Ex Parte Redshaw, Inc.

Annotate this Case

524 So. 2d 367 (1987)


Civ. 6107.

Court of Civil Appeals of Alabama.

October 28, 1987.

Rehearing Denied February 19, 1988.

Certiorari Denied April 22, 1988.

Vaughan Drinkard, Jr., and James A. Wagoner III of Drinkard, Sherling & York, Mobile, for appellant.

Peter V. Sintz and Robert H. Mudd, Jr., of Sintz, Campbell, Duke, Taylor & Cunningham, Mobile, for appellee.

Alabama Supreme Court 87-616.

*368 HOLMES, Judge.

This case is before this court on the petition of Redshaw, Inc. (Redshaw) for a writ of mandamus to require the trial court to enforce an arbitration provision as written in the parties' contract.

Redshaw entered into a written contract with Cleveland Insurance Agency, Inc. (Cleveland), whereby it sold to Cleveland certain computer hardware and software. The parties also entered into a maintenance agreement related to the computer equipment.

The sales contract, as well as the maintenance agreement, contained the following arbitration provision:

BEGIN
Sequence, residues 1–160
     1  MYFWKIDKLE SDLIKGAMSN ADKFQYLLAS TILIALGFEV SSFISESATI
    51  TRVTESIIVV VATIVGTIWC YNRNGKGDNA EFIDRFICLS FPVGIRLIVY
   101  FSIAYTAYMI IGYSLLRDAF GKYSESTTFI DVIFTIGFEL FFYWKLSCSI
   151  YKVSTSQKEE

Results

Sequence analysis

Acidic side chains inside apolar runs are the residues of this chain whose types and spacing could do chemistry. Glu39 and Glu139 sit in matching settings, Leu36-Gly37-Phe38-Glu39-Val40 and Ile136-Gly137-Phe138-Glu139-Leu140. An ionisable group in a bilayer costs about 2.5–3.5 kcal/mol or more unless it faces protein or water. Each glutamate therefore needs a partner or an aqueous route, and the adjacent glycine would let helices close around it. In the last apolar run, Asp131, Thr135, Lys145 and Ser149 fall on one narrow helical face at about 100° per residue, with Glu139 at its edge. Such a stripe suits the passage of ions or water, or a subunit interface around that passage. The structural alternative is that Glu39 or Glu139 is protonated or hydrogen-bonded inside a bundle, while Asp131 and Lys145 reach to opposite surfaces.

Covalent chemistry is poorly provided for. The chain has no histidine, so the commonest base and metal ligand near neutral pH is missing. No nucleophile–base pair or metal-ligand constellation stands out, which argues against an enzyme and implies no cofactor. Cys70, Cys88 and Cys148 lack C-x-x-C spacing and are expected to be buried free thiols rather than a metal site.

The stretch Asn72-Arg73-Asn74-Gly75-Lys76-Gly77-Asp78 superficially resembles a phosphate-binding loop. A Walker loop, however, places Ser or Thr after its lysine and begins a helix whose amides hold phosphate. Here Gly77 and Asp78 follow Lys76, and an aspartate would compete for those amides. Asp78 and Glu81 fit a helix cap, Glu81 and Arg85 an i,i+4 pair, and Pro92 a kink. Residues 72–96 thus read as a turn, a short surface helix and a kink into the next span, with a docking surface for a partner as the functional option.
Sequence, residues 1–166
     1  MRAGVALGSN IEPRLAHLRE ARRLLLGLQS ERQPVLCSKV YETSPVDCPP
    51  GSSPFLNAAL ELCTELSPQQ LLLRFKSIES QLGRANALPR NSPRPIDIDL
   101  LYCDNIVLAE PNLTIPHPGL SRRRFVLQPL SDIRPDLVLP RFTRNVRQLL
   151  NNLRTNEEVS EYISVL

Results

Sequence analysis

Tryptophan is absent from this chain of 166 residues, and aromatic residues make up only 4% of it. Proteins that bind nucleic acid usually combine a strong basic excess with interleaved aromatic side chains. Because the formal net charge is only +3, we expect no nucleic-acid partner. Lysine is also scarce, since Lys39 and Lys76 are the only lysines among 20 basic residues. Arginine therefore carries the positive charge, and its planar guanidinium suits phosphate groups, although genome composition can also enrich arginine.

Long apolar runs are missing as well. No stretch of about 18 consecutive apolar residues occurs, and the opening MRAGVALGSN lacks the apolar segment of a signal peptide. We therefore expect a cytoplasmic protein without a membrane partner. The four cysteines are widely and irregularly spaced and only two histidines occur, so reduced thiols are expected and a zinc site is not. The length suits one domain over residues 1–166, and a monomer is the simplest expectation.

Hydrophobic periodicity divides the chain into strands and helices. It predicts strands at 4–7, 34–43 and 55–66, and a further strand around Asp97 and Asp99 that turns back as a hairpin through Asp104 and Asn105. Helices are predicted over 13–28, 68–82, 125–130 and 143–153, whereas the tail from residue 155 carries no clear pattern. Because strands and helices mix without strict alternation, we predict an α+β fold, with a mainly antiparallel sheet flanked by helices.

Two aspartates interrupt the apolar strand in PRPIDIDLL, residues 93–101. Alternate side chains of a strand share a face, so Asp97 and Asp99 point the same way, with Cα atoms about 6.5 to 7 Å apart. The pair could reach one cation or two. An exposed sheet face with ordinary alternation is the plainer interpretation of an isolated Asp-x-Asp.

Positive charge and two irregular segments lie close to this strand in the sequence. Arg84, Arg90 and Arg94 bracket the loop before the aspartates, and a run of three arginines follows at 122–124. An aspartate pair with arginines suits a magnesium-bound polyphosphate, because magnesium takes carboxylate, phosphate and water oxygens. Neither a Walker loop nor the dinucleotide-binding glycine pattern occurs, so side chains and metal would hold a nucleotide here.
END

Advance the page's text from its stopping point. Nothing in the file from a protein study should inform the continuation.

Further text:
"Any controversy arising with respect to this Agreement shall be determined by arbitration in the city of Pittsburgh, Pennsylvania in accordance with the Commercial Arbitration rules of the American Arbitration Association using arbitrators knowledgeable in the data processing area and familiar with the data processing industry and who will follow substantive rules of law. The dispute shall be determined by an arbitrator acceptable to both parties who shall be selected within seven (7) days of filing of notice of intention to arbitrate. Otherwise, the dispute shall be determined by a panel of three arbitrators selected as follows: Within seven (7) days of filing notice of intention to arbitrate, each party will appoint one arbitrator. These two arbitrators will then name a third arbitrator, who shall be an attorney admitted before the bar of any state of the United States, to preside over the panel. If either party fails to appoint an arbitrator, or if the two arbitrators do not name a third arbitrator within seven (7) days, either party may request the American Arbitration Association to appoint the necessary arbitrator(s) pursuant to Rule 13 of the Commercial Arbitration Rules. Arbitrators shall be compensated for their services at the standard hourly rate charged in their private professional activities. Each party will pay its own cost and expenses. Pennsylvania rules for civil procedure shall apply. All testimony shall be transcribed. The award of the panel shall be accompanied by findings of fact and a statement of reasons for the decision. All parties agree to be bound by the results of this arbitration; judgment upon the award so rendered may be entered and enforced in any court of competent jurisdiction. To the extent reasonably practicable, both parties agree to continue performing their respective obligations under this Agreement while the dispute is being resolved. Nothing contained in this Section ... shall prohibit Redshaw from seeking equitable relief without resorting to arbitration under such circumstances as Redshaw reasonably believes that its interests hereunder and in its property may be compromised."